Loudon Wainwright III, Poet Laureate of Bloomingdale
Loudon Wainwright III is on tour and will be playing at Pace on October 11th. That got me to thinking about local treasures. And surely he is one albeit a treasure of Westchester origin.
Some days it can seem like when it Wainwrights it pours. I mean how many singing-songwriting Wainwrights are there? I'm going with five (LW3, sister Sloan, and children Rufus, Martha and Lucy), but someone could easily be missing from that count.
Since he's written so many delicious slice-of-life songs, I've singled out several at the end of this post, both from LW3 solo and from a couple of members of the Wainwright clan.
Sitting pretty on a mountain of impressively high-quality output, Wainwright is now into his fifth decade of expressing himself through his brand of stripped-down and personalized folk. He is raw. He is tender. He is poetic, lyrical and smart. He's a terrific wordsmith. And he is funny. Compared favorably to the greatest, LW3 was heralded as the next Bob Dylan in the early days of his career. (I won't go on about Dylan as I cannot yet connect him to our neighborhood, but when I do, the ink will flow). Made back in the good days of the 1970s, suffice it to say, the comparison was meant to be a favorable one. However it may have done LW3 more disservice than good. It shadowed him enough for him to turn and tackle it in a song. So as Bob Dylan did for Woody Guthrie in a "talking blues" style shoutout, Loudon did for Bob in his song "Talking New Bob Dylan":
"Yeah, times were a changin', you brought it all home
'Blonde On Blonde', 'Like A Rolling Stone'
The real world is crazy, you were deranged
And when you went electric, Bob, everything changed
Yeah, today is your birthday, have a great one, Bob
Bein' the new you is one hell of a job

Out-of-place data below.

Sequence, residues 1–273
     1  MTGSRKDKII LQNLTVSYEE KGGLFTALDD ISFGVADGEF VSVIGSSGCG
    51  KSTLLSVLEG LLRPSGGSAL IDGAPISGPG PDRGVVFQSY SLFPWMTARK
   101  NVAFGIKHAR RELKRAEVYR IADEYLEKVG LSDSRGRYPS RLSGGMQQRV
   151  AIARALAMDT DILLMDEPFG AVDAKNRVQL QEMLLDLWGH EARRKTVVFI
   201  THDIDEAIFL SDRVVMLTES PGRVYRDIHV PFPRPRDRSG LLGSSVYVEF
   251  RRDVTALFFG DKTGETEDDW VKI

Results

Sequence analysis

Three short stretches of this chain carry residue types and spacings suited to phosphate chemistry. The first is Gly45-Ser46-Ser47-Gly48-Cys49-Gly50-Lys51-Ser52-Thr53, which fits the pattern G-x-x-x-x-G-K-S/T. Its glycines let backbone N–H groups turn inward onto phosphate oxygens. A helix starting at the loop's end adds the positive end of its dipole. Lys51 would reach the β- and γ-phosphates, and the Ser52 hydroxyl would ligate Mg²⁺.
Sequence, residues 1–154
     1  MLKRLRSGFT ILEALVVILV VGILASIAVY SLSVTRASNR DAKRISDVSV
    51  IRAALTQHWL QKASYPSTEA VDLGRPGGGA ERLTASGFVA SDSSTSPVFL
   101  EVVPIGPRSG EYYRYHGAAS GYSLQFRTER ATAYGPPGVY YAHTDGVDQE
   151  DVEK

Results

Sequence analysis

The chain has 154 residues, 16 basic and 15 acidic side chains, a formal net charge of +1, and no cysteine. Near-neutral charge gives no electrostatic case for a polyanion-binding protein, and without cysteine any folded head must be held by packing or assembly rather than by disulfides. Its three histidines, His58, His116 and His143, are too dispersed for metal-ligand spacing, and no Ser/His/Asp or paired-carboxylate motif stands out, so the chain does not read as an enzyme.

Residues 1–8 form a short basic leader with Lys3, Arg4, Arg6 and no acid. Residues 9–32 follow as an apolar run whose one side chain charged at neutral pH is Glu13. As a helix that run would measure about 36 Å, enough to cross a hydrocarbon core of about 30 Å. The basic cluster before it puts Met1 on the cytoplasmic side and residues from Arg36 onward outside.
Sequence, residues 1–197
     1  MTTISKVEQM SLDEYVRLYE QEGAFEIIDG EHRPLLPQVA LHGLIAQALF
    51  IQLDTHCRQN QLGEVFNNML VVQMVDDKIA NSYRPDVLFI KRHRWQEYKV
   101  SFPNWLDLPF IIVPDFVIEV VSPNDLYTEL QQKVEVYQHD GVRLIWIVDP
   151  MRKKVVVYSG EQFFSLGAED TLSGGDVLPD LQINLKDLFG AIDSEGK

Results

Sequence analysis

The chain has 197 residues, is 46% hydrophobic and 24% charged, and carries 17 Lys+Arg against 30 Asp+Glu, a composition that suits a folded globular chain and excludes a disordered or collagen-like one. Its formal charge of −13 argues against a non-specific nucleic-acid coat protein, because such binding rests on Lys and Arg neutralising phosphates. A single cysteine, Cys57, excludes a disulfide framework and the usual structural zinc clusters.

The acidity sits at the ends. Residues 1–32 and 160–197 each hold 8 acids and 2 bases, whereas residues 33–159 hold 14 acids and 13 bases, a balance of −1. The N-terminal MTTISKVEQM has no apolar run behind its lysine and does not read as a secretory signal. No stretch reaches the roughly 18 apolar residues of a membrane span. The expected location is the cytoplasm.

My kid cranked up her boom box to almost groan
When I heard you screamin' from her room
"Everybody must get stoned"
Thanks a lot, Bob"
from Talking New Bob Dylan by Loudon Wainwright III
When offering these mea culpas, he manages to have an unapologetically heart-melting way: "Another Song in C" and "When You Leave," (both below) have delicate, poignant observations laid utterly bare. He has a song about slapping his out-of-control-in-the backseat daughter that sears the already indelible family moment onto his listener. When he wants to, he delivers his truths like x-rays deliver theirs.
It's easy to get heavy with Loudon Wainwright. But he knows how to keep things featherweight, too. The life-affirming, banjo-propelled "Swimming Song" -- a frolic that is the yin to Kate McGarrigle's wistful "Saratoga Summer Song" yang -- is one such bonhomous bonbon, just when you thought brooding was his business. Kate, like Loudon, knew how to tread the edge between light and dark. Kate, with her sister Anna, made "Swimming Song" entirely hers, pulling it northward and soaking it in Acadian sound. I've included both versions below, because after all, you have no Rufus and you have no Martha Wainwright without the majestic Kate.
Here's a quintessential sample lyric from Loudon that brings a smile to my lips everytime I hear the repetition of the syllable "form":
This summer I swam in a public place
And a reservoir, to boot,
At the latter I was informal,
At the former I wore my suit, I wore my swimming suit.
from Swimming Song by Loudon Wainwright III
And so, citizens of Bloomingdale, for your consideration, my nominee for Poet Laureate: LW3.
By Caitlin Hawke